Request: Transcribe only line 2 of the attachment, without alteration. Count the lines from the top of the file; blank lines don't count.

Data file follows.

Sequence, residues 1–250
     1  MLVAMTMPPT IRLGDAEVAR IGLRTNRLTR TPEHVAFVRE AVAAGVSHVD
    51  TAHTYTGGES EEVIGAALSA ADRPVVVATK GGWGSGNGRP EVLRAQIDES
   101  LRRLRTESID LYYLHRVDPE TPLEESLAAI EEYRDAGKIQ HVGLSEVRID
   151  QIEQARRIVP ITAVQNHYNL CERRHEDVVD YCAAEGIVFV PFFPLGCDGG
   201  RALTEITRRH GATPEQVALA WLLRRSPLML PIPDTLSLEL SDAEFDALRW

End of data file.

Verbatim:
     1  MLVAMTMPPT IRLGDAEVAR IGLRTNRLTR TPEHVAFVRE AVAAGVSHVD